Nation Current Affairs 13 May 2019 Torrent of abusive & ...

Torrent of abusive ‘gaalis’ mars poll politics

DECCAN CHRONICLE. | R. MOHAN
Published May 13, 2019, 1:25 am IST
Updated May 13, 2019, 1:25 am IST
There was never an election like this in which ‘gaalis’ have become offensive weapons and they are hurled back at the same velocity.
PM Narendra Modi
 PM Narendra Modi

This torrent of abuse is unprecedented, all of it based on a farrago of fact and myth that is being marketed at poll time. All of it would all seem like an elaborate soap opera if not for the fact that both sides take each other so very seriously. There was never an election like this in which ‘gaalis’ have become offensive weapons and they are hurled back at the same velocity.

Truth to tell, this election is being fought as if the major antagonists are living in glass houses across the road from each other and are throwing loaded verbal missile at each other. If "chor" is heard from one side of the road, the reply is "Brashtachari No. 1" from the other. And then the cascade flows, increasing by the day as May 19 approaches. We haven’t heard the last of it yet.

 

Prime Minister Narendra Modi’s listing of a litany of curses, beginning with the ‘Maut ka Saudagar’ comment of Sonia Gandhi of 2007 vintage, is a fair measure of the kind of abuses that have been thrown around. Not that he or his party did not give it back in full measure. The point is whether the poll ‘Gaali’ is an effective enough vote gatherer for so many to swear by the repetitive methodology of abuse.

As this long seven - phase poll battle approaches a climax, it is not a crescendo of voices at the hustings that is rising as much as cacophony.  What it is bringing them all is a disproportionate amount of media coverage as each one tries to outdo the other in producing the one piercing barb which would linger for days until one in retaliation proves better.

 

If you were somehow able to get away from this all and view it from a distance you might even be able to make sense of it. This virtual monopoly of media and social media time probably helps those already in the profession of politics as a career to further their grip on the public attention to the extent that they are locking others like newbies out.

The battles are always among the established players for the public vote so much so that very few new players have any chance of emerging from their political chrysalis. The last one to spring out was Arvind Kejriwal who broke into the club in recent times, coming from an anti-corruption movement that seemed novel at that time and was quite different from the beaten path.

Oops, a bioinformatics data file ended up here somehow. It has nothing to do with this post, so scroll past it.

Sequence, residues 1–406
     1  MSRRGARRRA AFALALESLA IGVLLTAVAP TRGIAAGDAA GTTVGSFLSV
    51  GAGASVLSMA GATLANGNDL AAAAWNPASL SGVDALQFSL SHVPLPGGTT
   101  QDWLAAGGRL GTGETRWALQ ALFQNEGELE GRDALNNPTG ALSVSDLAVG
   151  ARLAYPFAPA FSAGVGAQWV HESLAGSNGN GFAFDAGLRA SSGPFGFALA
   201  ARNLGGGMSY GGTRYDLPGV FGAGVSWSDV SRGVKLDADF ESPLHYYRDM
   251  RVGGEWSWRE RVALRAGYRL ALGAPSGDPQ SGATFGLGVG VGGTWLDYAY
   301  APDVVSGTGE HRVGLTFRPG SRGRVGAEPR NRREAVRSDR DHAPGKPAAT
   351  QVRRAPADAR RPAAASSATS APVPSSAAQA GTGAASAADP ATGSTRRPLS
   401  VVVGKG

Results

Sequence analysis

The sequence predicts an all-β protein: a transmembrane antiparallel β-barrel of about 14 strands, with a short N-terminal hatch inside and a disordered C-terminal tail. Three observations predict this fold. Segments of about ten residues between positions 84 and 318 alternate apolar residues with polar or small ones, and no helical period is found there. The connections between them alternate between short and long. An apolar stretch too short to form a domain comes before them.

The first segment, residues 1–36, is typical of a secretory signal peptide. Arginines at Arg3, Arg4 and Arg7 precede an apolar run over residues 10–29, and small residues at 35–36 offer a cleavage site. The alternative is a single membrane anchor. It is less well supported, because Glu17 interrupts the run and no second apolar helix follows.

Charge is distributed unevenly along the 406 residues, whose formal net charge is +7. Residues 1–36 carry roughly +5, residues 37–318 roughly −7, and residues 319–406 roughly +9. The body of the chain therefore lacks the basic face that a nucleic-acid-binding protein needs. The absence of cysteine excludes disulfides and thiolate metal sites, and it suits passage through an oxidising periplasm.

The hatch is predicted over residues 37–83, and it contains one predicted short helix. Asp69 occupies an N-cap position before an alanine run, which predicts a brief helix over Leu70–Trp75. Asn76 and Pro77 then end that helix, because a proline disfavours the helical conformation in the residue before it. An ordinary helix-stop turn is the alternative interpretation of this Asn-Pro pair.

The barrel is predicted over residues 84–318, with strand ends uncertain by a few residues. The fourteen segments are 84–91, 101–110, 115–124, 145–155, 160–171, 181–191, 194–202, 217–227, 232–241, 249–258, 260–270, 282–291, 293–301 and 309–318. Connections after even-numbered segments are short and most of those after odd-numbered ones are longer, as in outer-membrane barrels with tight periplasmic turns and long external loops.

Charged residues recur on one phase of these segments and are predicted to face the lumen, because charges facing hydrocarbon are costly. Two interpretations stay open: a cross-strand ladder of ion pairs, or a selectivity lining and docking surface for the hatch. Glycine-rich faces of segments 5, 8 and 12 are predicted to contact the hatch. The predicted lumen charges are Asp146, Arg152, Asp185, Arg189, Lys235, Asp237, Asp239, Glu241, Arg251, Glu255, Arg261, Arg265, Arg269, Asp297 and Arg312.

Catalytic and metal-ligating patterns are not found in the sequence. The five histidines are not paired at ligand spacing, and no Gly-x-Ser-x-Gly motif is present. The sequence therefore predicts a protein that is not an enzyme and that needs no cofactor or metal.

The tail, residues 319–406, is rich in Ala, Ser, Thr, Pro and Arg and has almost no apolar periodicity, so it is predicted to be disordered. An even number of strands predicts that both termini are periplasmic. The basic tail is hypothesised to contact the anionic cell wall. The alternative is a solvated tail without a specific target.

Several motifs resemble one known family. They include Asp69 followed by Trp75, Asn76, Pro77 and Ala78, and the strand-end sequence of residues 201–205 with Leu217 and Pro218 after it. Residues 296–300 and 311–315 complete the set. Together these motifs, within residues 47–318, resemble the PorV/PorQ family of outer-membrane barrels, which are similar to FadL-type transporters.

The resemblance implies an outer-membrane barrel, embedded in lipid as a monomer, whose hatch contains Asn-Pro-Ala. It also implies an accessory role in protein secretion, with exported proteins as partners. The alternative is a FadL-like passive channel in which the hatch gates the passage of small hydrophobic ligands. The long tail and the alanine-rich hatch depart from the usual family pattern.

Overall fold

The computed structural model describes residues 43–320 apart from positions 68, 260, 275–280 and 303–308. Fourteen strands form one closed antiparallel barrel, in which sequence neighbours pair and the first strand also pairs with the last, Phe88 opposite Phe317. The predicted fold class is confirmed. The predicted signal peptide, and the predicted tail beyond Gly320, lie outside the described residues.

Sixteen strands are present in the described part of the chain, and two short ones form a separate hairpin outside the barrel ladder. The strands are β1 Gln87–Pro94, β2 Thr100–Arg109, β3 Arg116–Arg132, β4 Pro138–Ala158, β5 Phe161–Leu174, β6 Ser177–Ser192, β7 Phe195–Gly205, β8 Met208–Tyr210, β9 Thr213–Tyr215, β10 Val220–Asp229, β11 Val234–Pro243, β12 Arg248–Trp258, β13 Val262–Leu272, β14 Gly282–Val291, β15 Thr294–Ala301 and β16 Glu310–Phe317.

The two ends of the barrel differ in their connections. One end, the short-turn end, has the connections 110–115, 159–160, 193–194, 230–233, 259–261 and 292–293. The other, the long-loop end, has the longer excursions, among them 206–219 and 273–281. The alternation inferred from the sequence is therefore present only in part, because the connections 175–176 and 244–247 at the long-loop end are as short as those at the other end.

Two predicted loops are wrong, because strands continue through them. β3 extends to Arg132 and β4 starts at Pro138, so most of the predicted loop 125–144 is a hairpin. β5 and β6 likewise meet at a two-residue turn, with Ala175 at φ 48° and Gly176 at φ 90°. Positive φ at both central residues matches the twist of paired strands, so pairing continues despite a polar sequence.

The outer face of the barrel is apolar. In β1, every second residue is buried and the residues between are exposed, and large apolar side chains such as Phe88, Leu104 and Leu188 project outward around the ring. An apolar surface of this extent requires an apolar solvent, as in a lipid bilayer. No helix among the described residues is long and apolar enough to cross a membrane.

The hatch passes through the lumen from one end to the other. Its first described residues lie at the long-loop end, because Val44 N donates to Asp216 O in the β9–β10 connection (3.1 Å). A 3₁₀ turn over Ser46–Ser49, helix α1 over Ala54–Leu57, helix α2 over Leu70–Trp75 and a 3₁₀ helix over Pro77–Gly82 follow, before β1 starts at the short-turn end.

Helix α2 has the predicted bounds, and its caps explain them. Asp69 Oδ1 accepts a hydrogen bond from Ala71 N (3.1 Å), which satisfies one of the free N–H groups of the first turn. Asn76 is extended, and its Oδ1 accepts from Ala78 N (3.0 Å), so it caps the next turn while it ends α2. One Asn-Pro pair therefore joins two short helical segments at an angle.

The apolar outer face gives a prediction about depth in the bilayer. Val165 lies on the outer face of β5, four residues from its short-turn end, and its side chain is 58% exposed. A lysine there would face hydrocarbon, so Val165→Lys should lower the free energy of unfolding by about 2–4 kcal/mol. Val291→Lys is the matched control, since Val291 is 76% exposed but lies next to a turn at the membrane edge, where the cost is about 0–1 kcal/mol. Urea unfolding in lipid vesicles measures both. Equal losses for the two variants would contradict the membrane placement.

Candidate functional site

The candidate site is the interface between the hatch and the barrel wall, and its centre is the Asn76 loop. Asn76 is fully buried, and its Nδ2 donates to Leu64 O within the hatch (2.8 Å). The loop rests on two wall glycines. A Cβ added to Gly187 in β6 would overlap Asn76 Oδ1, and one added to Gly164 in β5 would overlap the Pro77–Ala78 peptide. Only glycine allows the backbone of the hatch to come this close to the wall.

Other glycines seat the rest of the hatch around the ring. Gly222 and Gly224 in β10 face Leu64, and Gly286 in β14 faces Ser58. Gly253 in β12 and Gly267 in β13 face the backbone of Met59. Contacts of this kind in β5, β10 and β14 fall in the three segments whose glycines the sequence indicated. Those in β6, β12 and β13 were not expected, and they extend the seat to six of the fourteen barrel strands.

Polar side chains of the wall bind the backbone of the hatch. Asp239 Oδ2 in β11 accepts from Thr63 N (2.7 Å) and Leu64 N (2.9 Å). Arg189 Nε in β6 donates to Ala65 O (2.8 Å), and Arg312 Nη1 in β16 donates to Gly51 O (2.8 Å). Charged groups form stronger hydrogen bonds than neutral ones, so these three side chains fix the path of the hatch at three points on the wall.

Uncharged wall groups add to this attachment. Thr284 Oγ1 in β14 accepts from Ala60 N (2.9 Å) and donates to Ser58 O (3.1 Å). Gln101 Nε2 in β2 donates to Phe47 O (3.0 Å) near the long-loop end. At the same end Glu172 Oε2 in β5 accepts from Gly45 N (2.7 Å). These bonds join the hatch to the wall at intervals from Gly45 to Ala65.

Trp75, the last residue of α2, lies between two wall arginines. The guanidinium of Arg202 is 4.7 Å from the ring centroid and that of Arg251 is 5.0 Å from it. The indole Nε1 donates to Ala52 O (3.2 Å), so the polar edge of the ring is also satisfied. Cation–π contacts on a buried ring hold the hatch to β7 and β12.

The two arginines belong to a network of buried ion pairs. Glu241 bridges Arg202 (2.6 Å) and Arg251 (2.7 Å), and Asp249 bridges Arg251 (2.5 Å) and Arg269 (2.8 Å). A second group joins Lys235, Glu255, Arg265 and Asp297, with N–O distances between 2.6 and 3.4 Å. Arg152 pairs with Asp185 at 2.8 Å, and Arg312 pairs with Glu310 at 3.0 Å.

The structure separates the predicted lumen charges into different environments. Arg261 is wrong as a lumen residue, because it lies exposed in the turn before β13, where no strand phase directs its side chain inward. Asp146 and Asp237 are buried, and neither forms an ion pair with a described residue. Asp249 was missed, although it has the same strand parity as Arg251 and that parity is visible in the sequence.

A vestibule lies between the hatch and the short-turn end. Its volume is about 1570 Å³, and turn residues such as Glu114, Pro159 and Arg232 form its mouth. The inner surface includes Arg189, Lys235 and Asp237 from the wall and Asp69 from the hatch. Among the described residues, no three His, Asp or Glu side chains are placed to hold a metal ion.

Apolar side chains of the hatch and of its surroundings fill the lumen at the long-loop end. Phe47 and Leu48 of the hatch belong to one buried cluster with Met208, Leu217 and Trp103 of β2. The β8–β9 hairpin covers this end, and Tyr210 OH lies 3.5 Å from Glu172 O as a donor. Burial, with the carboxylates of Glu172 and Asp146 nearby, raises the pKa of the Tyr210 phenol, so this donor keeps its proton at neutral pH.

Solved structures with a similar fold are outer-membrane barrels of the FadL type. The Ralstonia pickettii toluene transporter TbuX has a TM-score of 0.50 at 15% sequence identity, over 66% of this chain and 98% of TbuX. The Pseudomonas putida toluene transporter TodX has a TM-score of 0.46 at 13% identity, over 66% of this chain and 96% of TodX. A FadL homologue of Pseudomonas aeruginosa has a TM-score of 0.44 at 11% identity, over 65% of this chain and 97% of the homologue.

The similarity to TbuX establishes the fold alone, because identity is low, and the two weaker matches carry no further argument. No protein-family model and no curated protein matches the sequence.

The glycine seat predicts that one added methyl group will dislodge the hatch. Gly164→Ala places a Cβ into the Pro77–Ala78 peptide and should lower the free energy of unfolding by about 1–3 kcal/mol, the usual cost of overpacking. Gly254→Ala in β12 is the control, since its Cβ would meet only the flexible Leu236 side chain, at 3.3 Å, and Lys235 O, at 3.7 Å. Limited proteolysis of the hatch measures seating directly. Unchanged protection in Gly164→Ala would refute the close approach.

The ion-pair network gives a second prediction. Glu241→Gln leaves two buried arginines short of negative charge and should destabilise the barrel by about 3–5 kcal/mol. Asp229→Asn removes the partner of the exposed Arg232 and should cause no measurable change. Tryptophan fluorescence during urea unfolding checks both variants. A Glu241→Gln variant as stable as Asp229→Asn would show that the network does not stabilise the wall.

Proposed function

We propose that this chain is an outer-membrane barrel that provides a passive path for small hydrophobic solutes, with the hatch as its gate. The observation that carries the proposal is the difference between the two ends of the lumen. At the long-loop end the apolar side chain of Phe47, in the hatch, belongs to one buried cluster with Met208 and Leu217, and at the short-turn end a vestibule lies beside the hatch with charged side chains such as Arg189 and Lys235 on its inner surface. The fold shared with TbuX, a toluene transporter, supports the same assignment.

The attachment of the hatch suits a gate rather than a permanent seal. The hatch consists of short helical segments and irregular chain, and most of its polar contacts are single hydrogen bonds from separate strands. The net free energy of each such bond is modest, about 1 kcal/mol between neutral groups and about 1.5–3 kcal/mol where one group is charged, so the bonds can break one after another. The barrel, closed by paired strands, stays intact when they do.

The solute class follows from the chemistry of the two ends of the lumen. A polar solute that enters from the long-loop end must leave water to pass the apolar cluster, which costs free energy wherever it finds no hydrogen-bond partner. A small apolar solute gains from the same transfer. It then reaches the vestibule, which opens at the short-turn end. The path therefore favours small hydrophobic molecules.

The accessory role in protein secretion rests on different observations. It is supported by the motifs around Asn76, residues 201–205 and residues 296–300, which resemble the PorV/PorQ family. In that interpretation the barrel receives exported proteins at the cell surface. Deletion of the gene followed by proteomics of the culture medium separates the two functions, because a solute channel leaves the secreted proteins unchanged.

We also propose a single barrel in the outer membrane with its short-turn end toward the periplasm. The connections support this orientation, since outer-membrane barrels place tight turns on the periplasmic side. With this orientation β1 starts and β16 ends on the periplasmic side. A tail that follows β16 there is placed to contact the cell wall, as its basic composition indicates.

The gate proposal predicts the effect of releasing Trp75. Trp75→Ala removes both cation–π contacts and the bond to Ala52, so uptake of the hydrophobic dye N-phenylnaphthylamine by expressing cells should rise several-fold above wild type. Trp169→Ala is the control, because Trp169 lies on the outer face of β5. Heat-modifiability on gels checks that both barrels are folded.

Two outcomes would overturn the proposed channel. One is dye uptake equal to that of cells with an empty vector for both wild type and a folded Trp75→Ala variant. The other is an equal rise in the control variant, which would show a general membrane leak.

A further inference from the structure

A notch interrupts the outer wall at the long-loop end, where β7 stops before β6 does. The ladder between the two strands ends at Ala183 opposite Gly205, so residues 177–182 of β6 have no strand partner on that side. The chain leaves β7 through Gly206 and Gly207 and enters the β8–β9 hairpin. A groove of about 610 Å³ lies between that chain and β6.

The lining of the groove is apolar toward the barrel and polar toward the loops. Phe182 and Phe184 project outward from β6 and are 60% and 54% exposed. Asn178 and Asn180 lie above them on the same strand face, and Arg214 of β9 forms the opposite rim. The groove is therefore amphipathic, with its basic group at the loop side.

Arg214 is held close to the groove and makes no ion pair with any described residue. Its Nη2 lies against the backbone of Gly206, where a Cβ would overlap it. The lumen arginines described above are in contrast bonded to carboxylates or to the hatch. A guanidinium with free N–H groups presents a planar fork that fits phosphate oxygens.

What, for instance, are the chances of Kamal Haasan emerging as a colourful butterfly? As a serious politician, he makes all the right ‘noises’ but he wouldn’t even get the time of day from a media that is focused on established allies and adversaries on the national political scene. It would be sad if a politician talking of serious issues confronting society were to be reduced to a fringe player.

It could be argued that Narendra Modi emerged a national leader in 2014 but then he had had a headstart over others. As chief minister of Gujarat he was in the same game for decades and even as a wave with him at the crest grew, it may also have helped that he had the endorsement of the RSS, ideological wing that controls the party, besides oodles of experience in campaigning.

 

The coming of newbies out of 2019 would be very restricted. If you were to assume that Rahul Gandhi is a contender for the top job, you would have to give him the same ranking as Modi as he would be emerging from a system that has supported him all along, and he had begun his serious innings with the distinct advantage of being the anointed heir apparent of a national party invariably headed by a dynast.

It’s probably the media focus that makes our leaders loom larger than life. From the outside it appears to be a closed shop precluding any new entrant except someone really special to be able to come from outside the charmed circle. It was very much the same in Indian cricket not so long ago when an inner circle ruled the roost in the 1990s and would be loath to give way for a new generation on the grounds that they had to prove themselves worthy.

 

A predicted return to the days of coalition government has led to an expanding number of Prime Ministerial aspirants. If a chaiwallah’s ascent is proof of the power of democracy, it only emphasises the field is as wide open now. As post-poll scenarios are unfolding in the minds of leaders, even unlikely ones may be feeling a surge of ambition. It is moot whether a dance of democracy can break open the doors of a closed shop to give us a fourth Prime Minister in the new millennium. The answer won’t be long in coming.

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